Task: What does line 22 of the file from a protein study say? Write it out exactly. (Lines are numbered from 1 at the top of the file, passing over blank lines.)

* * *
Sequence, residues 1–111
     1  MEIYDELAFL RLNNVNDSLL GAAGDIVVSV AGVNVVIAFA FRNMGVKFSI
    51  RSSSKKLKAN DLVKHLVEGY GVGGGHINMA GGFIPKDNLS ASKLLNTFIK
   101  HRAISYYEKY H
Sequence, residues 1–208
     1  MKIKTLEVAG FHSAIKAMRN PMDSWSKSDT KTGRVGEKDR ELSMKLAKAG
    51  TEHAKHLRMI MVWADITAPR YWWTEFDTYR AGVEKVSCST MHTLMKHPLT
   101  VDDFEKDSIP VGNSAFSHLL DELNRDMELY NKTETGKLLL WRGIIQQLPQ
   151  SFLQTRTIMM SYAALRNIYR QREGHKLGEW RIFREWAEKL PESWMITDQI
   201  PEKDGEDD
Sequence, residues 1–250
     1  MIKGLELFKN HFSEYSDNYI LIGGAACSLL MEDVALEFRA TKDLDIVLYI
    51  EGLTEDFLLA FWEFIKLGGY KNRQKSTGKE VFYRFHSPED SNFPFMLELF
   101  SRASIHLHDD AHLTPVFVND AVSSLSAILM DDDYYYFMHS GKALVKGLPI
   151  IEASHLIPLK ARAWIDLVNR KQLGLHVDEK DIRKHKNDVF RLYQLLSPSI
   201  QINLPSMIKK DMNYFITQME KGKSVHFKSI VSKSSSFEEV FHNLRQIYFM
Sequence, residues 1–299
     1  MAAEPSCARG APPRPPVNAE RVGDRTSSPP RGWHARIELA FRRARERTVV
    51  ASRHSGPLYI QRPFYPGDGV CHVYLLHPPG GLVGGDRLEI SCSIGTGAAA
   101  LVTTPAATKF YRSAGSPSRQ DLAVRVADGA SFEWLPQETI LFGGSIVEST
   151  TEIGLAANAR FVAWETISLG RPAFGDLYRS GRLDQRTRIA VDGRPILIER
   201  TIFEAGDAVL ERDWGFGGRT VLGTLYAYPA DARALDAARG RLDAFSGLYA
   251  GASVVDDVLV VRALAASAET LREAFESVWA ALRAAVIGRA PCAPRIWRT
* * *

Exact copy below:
   201  TIFEAGDAVL ERDWGFGGRT VLGTLYAYPA DARALDAARG RLDAFSGLYA